A conference is to take place in Perth, Western Australia, on November 1st for which key players on London"s Alternative Investment Market (AIM) will be flying out to give the pros and cons. Seems they are a bit tougher than the Aussie rugby league boys. The major sponsors will be WH Ireland, the UK brokers who will be listing Gympie Gold on AIM next month and have Consolidated Broken Hill and Consolidated Minerals up their sleeves for early next year. They are working with Capital Group, a well known PR/IR outfit in Australia which has recently opened a London office under the extrovert Leesa Peters, formerly with Ludgate Communications.
The programme for the day looks pretty hectic, but should provide Aussie companies keen to know more about AIM with most of the answers they need. It kicks off with an introductory talk by Terri -Helen Gaynor of Capital Group and then Professor Ian Plimer takes over to chair the rest of the day. Ian is Professor of Geology at Melbourne Univerisity and a director of Consolidated Broken Hill, a company which would have listed on AIM by now but has been distracted by its decision to bid for Pasminco"s assets at Broken Hill in tandem with Clough Engineering.
The first speaker would have been Simon Brickles from the AIM department of the London Stock Exchange. Unfortunately he is too busy to make the trip and all his minions seem pretty busy too. However David Youngman of WH Ireland will be giving a talk on the role of the NOMAD (Nominated Adviser) and the AIM broker. These roles are split in order to boost the level of surveillance and compliance in a market that is a bit less regulated than a full listing in London.
Two lawyers, Roger Davies of the Australian firm Blake Dawson Waldron and Andrew Wright of Fox Brooks Marshall in the UK then discuss and answer questions about the legal aspects of an AIM listing for a full forty minutes until coffee time. Doubtless they will have much of interest to say from the point of view of both the northern and southern hemisphere and the subject is vital to a potential AIM candidate. But coffee will probably come not a moment too soon as lawyers are rarely amusing speakers. And they will be followed by Gavin Buckingham, a partner in Andersen, explaining the role of the reporting accountants in the AIM admission process.
The space between coffee and lunch will be filled by Tony Shearer and Leesa Peters. Shearer used to be with Old Mutual International , the South African finance house which took over two London brokers, Albert E. Sharp and Greig Middleton. Tony is now a UK fund investment consultant which must be closely akin to an investor relations specialist. Anyway he will be telling the audience what UK institutions look for in AIM investments. This should be pretty interesting stuff as it will help companies to fashion their presentations to fit the bill. Leesa will then round off the mornings proceedings by analysing the separate roles of the UK financial public relations investors, brokers"s analysts and the media and how they impinge on the life of an AIM candidate.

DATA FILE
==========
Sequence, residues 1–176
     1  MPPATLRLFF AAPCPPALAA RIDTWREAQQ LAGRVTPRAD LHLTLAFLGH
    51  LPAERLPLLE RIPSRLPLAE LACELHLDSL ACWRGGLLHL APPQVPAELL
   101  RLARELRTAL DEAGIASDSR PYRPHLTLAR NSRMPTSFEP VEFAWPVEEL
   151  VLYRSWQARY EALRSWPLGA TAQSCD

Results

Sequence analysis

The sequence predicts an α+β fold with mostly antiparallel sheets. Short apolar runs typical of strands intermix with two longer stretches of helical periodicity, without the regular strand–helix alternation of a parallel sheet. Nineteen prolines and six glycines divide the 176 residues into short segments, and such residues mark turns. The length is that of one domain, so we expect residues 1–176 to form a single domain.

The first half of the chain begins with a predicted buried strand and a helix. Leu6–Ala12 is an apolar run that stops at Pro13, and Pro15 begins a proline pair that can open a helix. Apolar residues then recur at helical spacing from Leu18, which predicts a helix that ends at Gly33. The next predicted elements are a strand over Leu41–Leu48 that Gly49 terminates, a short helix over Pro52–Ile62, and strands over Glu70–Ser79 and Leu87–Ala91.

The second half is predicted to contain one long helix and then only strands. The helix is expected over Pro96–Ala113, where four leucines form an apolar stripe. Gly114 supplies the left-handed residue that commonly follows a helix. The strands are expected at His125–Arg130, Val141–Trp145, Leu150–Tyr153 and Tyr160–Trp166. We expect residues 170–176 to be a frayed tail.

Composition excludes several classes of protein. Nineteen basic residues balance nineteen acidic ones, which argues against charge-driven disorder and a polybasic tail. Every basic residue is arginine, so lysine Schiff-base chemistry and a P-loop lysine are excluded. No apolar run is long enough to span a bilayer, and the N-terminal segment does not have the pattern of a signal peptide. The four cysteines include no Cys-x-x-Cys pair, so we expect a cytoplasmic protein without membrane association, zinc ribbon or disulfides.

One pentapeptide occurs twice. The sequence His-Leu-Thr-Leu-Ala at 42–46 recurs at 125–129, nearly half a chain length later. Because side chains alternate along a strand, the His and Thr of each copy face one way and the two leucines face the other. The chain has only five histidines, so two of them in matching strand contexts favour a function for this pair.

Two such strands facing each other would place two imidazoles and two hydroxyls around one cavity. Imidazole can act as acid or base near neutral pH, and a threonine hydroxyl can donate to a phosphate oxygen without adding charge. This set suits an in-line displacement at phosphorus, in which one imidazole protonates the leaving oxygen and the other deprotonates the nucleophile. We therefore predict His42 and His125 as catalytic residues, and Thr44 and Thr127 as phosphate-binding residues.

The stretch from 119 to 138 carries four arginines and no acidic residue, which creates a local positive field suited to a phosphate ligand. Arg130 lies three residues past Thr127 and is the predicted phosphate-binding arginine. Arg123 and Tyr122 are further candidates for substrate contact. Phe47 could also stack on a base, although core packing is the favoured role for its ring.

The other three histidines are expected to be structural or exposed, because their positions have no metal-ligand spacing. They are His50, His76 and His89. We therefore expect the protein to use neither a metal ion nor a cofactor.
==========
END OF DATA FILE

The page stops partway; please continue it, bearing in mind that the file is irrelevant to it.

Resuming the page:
The afternoon session will start with Clive Donner, who manages Rothschilds Golden Arrow Fund in Australia, giving the Australian investment perspective. By this, presumably, is meant what Aussie investors think of companies with a dual listing on the ASX and on AIM. This will be very interesting in the light of the arbitrage which often seems to exist between the two prices and of which London brokers Williams de Broe took full advantage when Aquarius Platinum listed on AIM a couple of years ago. Minews has often commented that there is good money to be made in the period between an Australian company deciding to list on AIM and when it actually does so, but we all now operate in more uncertain times.
John Morris, the managing director of Gold Mines of Sardinia will then talk about his experiences in managing a company which was the first to obtain a dual listing on AIM. That was some time ago and the move made obvious sense as Sardinia is in the northern hemisphere and thus outside the radar screens of Australian investors. Only now, however, is it really being taken seriously in London following the major new gold discovery at Monte Ollestadu in the east of the island. This has tipped the balance so much that GMS is now moving its domicile to London. John will be followed by Alan Stein of Fusion Oil which had a slightly difficult birth in London, but is now going well. His talk is entitled "Good guys, bad guys and how to spot them". Doubtless he will give some fascinating insights. We cover his company on Oil-Barrel.com so presumably qualify as good guys.
Delegates will be able to mull over his experiences with a coffee before Paul Atherley rounds off the afternoon. Paul brought Murchison United, the Tasmanian tin miner, to London very successfully, but in recent months has been involved in prolonged negotiations to buy Rio Tinto"s share of the Neves Corvo mine in Portugal.. Hopefully this will be concluded soon and if the Portuguese Government gives the go-ahead before November 1st he will have a fascinating story to tell. The conference should certainly help a number of Australian companies to make up their minds about an AIM listing It makes a lot of sense for those with, or seeking, projects outside Australia. And it helps the raise the profile if accompanied by a fund raising.